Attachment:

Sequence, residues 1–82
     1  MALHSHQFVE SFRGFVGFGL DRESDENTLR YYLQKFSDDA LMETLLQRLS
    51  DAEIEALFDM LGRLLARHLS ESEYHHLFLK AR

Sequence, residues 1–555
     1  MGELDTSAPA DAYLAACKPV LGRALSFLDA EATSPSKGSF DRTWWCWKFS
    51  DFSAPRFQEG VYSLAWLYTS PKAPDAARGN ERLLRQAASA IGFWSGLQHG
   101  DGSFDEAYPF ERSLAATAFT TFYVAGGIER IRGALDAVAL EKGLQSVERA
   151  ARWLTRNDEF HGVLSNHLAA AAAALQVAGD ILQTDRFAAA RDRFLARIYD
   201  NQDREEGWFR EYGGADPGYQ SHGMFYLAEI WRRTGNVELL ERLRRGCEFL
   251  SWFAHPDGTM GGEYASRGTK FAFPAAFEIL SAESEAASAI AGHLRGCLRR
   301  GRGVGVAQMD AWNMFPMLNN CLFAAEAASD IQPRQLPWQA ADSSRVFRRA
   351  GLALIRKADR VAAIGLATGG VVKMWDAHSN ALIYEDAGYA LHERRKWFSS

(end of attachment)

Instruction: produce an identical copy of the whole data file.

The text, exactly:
Sequence, residues 1–82
     1  MALHSHQFVE SFRGFVGFGL DRESDENTLR YYLQKFSDDA LMETLLQRLS
    51  DAEIEALFDM LGRLLARHLS ESEYHHLFLK AR

Sequence, residues 1–555
     1  MGELDTSAPA DAYLAACKPV LGRALSFLDA EATSPSKGSF DRTWWCWKFS
    51  DFSAPRFQEG VYSLAWLYTS PKAPDAARGN ERLLRQAASA IGFWSGLQHG
   101  DGSFDEAYPF ERSLAATAFT TFYVAGGIER IRGALDAVAL EKGLQSVERA
   151  ARWLTRNDEF HGVLSNHLAA AAAALQVAGD ILQTDRFAAA RDRFLARIYD
   201  NQDREEGWFR EYGGADPGYQ SHGMFYLAEI WRRTGNVELL ERLRRGCEFL
   251  SWFAHPDGTM GGEYASRGTK FAFPAAFEIL SAESEAASAI AGHLRGCLRR
   301  GRGVGVAQMD AWNMFPMLNN CLFAAEAASD IQPRQLPWQA ADSSRVFRRA
   351  GLALIRKADR VAAIGLATGG VVKMWDAHSN ALIYEDAGYA LHERRKWFSS